Review: Truly, Madly by Heather Webber

06Jan10


Title: Truly, Madly
Author: Heather Webber
Publisher: St Martin’s Press
Year Published: 2010 (will release in February)

Spoilers: A few non-specific ones.

Recommended: This is what I would call a “popcorn book.” It’s fun to read, but it won’t stay with you and doesn’t have a lot of substance–and if you dine exclusively on its ilk you’ll probably get scurvy. If that’s what you’re in the mood for, go for it.

I received this book through Library Thing’s early reviewer program and read it over the holidays. It doesn’t release until the beginning of February, but if I don’t write this now I’ll forget everything about the book. If you know me at all you know this isn’t exactly my typical genre, and I wouldn’t have read it if it hadn’t been free. I did enjoy it, but I also probably wouldn’t be reviewing it if not for the program, since I don’t have a whole ton to say.

The basic premise is that Lucy Valentine is the latest in a long line of matchmakers who operate by matching auras. Lucy, though, doesn’t see auras. Instead, she can find lost objects. But when a scandal forces her father to take an extended vacation, she gets handed control of the matchmaking agency her family runs. Within her first few hours on the job she stumbles onto a murder mystery and a possible soulmate.

Like I said, this is a fun book without a lot of ambition. It relies on charm more than substance, but for a quick palette-cleanser it was entertaining and fluffy. Some of the matchmaking and interactions were delightful, although the caricatured nature of the characters was somewhat tiring in places. I also must admit to being too much of a cynic for this book, or at the very least disagreeing on the concept of “compatibility.” If your values are incompatible with someone’s life, I don’t think they’re really your “perfect match.” But I was willing to let that go, since it’s a fantasy world anyway.

Some of the plot was extremely predictable; as soon as a news report on a missing child flashes across the television, it’s obvious that Lucy will somehow be involved in finding him. Any surprise and complexity in the novel didn’t come from these big plot events, but rather in the micro interactions and the turns in relationships. Because I wasn’t expecting surprises, I wasn’t troubled by cliche or predictability, but in retrospect I do have to roll my eyes a bit. More troubling as I was reading was the reliance on coincidence. For instance, in saving that boy, Lucy draws the attention of the police and one cop in particular. She slips away without giving her name, but then runs into the cop again–when he’s the other half of a blind double-date she’s on.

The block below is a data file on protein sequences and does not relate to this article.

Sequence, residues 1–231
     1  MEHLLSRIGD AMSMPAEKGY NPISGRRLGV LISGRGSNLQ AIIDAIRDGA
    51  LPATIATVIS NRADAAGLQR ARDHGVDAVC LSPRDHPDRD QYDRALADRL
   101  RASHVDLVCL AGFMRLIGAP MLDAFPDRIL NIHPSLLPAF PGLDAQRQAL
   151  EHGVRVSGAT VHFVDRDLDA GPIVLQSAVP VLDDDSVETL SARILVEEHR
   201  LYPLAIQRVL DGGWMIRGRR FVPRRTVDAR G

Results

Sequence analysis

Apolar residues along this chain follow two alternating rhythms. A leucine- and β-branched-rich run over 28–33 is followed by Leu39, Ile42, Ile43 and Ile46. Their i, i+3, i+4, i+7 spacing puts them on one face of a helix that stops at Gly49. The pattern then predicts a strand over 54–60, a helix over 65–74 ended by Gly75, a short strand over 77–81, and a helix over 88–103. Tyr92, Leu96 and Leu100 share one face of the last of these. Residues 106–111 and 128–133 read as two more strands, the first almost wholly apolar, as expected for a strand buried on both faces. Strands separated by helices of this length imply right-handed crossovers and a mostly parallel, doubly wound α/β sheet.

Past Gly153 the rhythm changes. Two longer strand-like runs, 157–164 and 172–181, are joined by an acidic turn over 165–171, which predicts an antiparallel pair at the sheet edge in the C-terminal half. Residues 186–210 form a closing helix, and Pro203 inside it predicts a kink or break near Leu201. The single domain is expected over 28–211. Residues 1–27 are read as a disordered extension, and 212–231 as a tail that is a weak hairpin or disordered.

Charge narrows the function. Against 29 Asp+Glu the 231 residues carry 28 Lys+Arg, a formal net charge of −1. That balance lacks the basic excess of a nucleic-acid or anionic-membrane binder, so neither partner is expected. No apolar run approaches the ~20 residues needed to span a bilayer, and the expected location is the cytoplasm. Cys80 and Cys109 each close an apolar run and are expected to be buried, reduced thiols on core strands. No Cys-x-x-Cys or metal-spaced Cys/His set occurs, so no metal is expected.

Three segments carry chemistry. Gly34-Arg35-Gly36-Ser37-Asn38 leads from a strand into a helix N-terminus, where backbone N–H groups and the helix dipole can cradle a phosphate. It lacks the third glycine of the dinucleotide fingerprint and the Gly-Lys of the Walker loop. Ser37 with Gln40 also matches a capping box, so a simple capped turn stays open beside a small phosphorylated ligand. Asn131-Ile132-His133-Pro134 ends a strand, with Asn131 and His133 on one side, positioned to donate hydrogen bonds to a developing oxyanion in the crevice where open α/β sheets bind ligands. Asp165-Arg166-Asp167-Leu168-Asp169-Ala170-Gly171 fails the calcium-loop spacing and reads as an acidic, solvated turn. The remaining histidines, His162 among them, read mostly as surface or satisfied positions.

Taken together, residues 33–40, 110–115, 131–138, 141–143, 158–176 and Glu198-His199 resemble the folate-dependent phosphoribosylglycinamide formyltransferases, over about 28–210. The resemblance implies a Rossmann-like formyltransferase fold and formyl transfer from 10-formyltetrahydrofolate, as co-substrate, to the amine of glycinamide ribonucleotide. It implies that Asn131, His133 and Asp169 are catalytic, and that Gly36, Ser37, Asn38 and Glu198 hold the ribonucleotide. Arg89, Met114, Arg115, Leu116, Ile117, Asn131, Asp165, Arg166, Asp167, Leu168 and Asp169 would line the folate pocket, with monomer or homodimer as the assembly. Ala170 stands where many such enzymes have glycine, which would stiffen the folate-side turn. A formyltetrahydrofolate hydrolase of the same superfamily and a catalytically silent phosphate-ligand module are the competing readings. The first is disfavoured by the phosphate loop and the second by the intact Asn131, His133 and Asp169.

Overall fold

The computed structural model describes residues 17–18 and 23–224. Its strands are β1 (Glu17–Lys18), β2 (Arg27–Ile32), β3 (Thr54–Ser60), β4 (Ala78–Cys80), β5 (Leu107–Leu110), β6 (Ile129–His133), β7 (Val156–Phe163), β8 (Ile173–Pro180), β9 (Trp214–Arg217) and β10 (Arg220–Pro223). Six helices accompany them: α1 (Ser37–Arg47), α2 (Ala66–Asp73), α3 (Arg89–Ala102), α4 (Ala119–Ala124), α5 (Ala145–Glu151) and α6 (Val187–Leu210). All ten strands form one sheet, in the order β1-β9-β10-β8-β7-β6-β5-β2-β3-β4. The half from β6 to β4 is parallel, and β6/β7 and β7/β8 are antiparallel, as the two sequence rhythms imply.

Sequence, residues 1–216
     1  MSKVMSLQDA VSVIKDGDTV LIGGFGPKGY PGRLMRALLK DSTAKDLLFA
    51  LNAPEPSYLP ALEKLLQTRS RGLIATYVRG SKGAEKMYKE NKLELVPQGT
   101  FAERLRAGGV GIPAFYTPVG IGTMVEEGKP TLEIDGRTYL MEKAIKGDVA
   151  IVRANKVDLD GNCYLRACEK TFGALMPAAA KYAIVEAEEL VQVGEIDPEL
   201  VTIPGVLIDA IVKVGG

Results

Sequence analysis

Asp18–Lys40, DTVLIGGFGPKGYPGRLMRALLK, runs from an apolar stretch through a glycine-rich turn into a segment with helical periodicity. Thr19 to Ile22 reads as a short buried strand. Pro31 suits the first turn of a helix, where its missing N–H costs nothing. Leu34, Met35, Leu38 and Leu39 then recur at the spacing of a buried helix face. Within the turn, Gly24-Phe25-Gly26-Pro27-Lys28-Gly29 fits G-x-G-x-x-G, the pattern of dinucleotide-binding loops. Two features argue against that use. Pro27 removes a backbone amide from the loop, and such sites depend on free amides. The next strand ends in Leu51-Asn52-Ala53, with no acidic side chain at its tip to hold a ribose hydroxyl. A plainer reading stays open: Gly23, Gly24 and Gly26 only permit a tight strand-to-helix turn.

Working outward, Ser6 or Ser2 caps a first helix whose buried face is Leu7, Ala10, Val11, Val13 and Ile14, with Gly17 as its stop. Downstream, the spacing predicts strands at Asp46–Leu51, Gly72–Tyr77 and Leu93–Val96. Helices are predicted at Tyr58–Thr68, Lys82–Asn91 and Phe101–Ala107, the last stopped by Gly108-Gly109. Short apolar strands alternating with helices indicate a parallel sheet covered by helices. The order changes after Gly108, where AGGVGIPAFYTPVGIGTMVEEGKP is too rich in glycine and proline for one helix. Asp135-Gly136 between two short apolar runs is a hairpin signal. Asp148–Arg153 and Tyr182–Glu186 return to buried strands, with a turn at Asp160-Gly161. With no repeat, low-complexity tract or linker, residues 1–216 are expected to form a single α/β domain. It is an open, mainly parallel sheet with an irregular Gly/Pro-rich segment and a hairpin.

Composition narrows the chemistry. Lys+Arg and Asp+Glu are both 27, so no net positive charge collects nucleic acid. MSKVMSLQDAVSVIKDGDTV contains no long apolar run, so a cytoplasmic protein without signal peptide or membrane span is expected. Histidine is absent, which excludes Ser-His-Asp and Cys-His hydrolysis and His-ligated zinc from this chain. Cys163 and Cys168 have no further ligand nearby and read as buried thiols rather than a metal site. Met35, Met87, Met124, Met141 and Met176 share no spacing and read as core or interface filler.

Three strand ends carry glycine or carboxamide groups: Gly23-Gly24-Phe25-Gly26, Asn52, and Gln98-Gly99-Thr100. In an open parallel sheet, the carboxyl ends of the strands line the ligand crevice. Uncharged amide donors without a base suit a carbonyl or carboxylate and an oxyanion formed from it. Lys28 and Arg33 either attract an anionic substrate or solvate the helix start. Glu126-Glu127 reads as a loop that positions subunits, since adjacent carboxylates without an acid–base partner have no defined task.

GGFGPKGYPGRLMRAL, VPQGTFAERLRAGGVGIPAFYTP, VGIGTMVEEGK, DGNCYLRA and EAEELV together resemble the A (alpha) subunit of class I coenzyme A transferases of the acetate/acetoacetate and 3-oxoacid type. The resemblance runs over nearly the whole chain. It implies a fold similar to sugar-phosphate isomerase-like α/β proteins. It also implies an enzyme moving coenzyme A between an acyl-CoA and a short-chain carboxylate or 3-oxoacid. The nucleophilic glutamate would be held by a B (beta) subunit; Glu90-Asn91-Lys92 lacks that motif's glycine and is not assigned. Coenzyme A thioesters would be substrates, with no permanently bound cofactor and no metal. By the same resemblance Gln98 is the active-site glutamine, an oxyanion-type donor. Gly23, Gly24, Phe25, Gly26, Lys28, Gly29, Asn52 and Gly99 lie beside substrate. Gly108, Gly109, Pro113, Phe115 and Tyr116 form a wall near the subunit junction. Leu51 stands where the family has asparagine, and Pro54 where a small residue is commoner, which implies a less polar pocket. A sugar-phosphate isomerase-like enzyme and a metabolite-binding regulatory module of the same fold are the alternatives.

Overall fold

Still, I again moved past the eye-rolling and started enjoying myself again. The middle sections are a bit muddled, but again that’s not a problem if you’re focusing on the details, the cute matchmaking sessions, and so on. But then we came to the ending. It was unforgivable. When I finished it I had the feeling that the author had realized she had run into her length limit and panicked. The book suddenly turns into action adventure for five pages, previous information is reversed or hand-waved away to make the conclusion make sense, and and the badguy gets hit by a train.

Train. Really. Out of nowhere. Note to self: always have climactic confrontations near a railway.

But ending aside, I liked this book well enough to slip it in as a bonus Christmas gift to a friend. It’s a fun but forgettable bit of popcorn reading. Pick it up if you’re looking for a something that will inspire a few smiles and chuckles but not a lot of thought–and make up your own ending.

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